It was a great strait that the head-workmen were in, when they must either abuse those that were under them or be abused by those that were over them; yet, it should seem, rather than they would tyrannize, they would be tyrannized over; and they were so. In this evil case (v. 19), observe,
I. How justly they complained to Pharaoh: They came and cried unto
Pharaoh, v. 15. Whither should they go with a remonstrance of their
grievances but to the supreme power, which is ordained for the
protection of the injured? As bad as Pharaoh was his oppressed subjects
had liberty to complain to him; there was no law against petitioning: it
was a very modest, but moving, representation that they made of their
condition (v. 16): Thy servants are beaten (severely enough, no doubt,
when things were in such a ferment), and yet the fault is in thy own
people, the task-masters, who deny us what is necessary for carrying on
our work. Note, It is common for those to be most rigorous in blaming
others who are most blameworthy themselves. But what did they get by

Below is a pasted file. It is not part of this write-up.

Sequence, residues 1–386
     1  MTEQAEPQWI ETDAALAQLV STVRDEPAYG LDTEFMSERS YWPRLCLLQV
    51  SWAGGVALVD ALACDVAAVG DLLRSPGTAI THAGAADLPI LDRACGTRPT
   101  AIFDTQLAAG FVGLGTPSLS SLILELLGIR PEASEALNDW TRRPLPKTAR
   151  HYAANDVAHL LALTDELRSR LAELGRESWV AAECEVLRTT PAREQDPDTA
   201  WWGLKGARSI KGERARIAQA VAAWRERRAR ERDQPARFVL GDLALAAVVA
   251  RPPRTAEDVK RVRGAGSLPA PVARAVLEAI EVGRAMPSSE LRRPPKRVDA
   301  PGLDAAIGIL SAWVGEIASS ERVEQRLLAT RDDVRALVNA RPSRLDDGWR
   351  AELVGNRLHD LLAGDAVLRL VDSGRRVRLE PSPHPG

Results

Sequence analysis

this complaint? It did but make bad worse. 1. Pharaoh taunted them (v.
17); when they were almost killed with working, he told them they were
idle: they underwent the fatigue of industry, and yet lay under the
imputation of slothfulness, while nothing appeared to ground the charge
upon but this, that they said, Let us go and do sacrifice. Note, It is
common for the best actions to be mentioned under the worst names; holy
diligence in the best business is censured by many as a culpable
carelessness in the business of the world. It is well for us that men
are not to be our judges, but a God who knows what the principles are on
which we act. Those that are diligent in doing sacrifice to the Lord
will, with God, escape the doom of the slothful servant, though, with
men, they do not. 2. He bound on their burdens: Go now and work. v. 18.